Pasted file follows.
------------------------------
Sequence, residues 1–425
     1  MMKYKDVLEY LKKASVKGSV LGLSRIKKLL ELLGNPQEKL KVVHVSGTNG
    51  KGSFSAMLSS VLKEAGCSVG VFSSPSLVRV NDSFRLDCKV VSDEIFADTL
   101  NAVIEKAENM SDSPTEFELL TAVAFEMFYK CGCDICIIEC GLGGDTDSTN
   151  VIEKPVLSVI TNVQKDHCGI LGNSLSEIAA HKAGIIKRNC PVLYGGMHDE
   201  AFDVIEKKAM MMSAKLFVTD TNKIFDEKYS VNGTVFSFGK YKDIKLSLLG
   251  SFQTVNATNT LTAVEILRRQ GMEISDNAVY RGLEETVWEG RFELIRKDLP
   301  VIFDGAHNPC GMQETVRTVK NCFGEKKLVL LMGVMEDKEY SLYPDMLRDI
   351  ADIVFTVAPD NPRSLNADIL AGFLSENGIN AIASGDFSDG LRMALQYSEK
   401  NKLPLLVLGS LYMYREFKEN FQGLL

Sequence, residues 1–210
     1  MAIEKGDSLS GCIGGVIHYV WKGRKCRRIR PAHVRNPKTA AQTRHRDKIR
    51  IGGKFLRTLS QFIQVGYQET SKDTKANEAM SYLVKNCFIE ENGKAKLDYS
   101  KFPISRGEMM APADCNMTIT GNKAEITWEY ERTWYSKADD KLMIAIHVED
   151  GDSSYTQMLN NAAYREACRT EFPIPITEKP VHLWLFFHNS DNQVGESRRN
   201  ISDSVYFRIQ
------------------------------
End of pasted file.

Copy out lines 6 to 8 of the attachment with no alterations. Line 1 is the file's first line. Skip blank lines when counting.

   201  AFDVIEKKAM MMSAKLFVTD TNKIFDEKYS VNGTVFSFGK YKDIKLSLLG
   251  SFQTVNATNT LTAVEILRRQ GMEISDNAVY RGLEETVWEG RFELIRKDLP
   301  VIFDGAHNPC GMQETVRTVK NCFGEKKLVL LMGVMEDKEY SLYPDMLRDI